Parking meter deal keeps getting worse for city as meter revenues rise

Source: Fran Spielman, Chicago Sun Times, May 14, 2018

Chicago’s parking meter system raked in $134.2 million last year, putting private investors on pace to recoup their entire $1.16 billion investment by 2021 with 62 years to go in the lease, the latest annual audit shows. Four underground, city-owned parking garages took in $34 million in 2017, while the privatized Chicago Skyway generated $99.9 million in cash, separate audits of those assets show. Not a penny of those revenues, once a mainstay for city government, went to ease the avalanche of tax increases imposed by Mayor Rahm Emanuel to solve the city’s $36 billion pension crisis. That’s because all three of those assets were unloaded by former Mayor Richard M. Daley, who used the money to avoid raising property taxes while city employee pension funds sunk deeper in the hole. …

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Parking meters, garages took in $156M — but city won’t see a cent
Source: Mick Dumke and Chris Fusco, Chicago Sun-Times, February 13, 2017

Chicago’s parking-meter system took in $121.7 million last year, while four underground city-owned garages reaped another $34.7 million — with not a penny of that money going to the cash-strapped city government. Instead, the $156.3 million pot of parking cash went to private investors who control the meters and garages under deals cut by former Mayor Richard M. Daley and rubber-stamped by the City Council. … Chicago Parking Meters — formed by banking giant Morgan Stanley and other financial partners — paid the city $1.15 billion to manage the meter system and pocket the money fed into it for the next 75 years. The city took in $23.8 million from the meters in 2008, the last year before CPM took over the system. In the seven years since, the meter company has reported a total of $778.6 million in revenues. It’s on pace to make back what it paid the city by 2020, with more than 60 years of meter money still to come. … The garage agreement has also sent a stream of money into the coffers of private investors. … Over the nine years of the deal, the facilities have generated $292.6 million in revenue for their private operators. … Last week, the rights to the garages were sold to a group of foreign investors.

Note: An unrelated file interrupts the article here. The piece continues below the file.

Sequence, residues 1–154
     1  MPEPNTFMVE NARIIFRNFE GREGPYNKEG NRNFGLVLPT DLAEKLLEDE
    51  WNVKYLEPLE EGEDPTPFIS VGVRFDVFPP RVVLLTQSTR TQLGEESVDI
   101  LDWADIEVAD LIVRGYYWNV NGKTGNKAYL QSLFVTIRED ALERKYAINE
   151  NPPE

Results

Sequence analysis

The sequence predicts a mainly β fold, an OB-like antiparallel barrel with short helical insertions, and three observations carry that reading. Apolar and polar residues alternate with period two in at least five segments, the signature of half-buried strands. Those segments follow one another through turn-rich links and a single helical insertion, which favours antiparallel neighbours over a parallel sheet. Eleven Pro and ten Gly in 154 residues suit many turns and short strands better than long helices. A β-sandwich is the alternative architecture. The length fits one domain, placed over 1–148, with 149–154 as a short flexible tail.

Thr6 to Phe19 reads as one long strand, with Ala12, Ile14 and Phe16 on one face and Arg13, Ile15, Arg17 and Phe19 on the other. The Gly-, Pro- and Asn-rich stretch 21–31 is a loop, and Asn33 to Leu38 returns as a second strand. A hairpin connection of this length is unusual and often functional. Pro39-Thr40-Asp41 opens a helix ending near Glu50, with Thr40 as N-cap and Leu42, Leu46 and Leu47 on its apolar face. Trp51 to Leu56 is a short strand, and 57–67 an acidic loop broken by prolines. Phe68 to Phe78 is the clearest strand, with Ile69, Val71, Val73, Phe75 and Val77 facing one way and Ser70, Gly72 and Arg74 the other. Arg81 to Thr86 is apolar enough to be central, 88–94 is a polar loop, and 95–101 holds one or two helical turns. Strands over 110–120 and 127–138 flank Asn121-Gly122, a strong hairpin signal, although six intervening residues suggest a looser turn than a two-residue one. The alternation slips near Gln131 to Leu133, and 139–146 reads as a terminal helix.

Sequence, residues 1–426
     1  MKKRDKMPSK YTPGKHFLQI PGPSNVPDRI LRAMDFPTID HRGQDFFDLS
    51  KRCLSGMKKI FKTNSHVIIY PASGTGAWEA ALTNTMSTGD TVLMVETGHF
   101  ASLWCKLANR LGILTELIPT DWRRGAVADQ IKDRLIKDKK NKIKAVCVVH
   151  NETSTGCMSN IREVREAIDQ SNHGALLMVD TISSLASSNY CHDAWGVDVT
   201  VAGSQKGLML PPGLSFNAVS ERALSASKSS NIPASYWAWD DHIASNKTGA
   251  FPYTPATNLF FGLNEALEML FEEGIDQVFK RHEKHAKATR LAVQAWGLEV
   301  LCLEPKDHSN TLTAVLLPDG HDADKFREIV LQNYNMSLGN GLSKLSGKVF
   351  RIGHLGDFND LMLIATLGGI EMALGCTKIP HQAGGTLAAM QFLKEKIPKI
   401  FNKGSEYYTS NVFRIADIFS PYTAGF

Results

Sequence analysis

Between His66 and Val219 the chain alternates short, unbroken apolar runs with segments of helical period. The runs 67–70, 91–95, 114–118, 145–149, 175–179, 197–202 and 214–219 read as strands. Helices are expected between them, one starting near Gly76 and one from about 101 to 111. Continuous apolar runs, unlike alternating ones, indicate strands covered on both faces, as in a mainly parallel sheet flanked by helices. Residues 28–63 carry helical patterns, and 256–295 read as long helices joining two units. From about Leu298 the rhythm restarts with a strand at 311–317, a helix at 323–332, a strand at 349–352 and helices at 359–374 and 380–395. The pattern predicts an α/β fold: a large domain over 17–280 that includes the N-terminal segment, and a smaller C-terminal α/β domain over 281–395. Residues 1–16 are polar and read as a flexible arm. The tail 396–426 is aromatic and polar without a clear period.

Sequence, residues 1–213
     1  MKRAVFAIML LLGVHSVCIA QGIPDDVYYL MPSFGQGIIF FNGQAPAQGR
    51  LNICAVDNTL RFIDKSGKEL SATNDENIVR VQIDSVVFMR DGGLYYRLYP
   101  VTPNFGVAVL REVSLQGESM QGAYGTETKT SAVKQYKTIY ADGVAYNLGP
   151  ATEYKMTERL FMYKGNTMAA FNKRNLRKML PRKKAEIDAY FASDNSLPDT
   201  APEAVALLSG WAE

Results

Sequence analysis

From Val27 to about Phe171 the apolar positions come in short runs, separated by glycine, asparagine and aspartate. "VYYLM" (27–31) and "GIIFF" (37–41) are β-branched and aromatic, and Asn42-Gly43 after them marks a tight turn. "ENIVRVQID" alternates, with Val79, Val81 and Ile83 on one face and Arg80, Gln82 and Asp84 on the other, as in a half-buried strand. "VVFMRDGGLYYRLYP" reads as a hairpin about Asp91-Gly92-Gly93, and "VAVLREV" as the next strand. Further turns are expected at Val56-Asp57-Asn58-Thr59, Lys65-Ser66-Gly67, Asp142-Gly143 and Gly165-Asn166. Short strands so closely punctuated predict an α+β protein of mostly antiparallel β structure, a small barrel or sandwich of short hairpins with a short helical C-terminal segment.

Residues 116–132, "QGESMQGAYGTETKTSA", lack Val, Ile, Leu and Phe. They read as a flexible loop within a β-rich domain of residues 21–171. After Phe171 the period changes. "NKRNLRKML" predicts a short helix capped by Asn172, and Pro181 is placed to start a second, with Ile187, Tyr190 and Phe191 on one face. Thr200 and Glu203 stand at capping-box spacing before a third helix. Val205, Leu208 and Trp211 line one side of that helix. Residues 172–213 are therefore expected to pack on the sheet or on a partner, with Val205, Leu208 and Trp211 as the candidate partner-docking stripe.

A Tale of Two P3s
Source: Yvette Shields, Bond Buyer, July 7, 2016

Chicago’s first mistake in its much-maligned parking meter lease was its choice of asset. That’s one conclusion of a report released Thursday by the Manhattan Institute for Policy Research that looks at public-private partnerships and compares the details of two deals – Chicago’s nearly $1.2 billion 75-year meter system lease and Indiana’s $3.9 billion 75-year lease of the Indiana Toll Road. The Indiana deal is held up as a model while the Chicago parking lease offers a roadmap of pitfalls to avoid. …


Did Indiana get right what Chicago got so wrong?
Source: Greg Hinz, Crain’s Chicago Business, July 7, 2016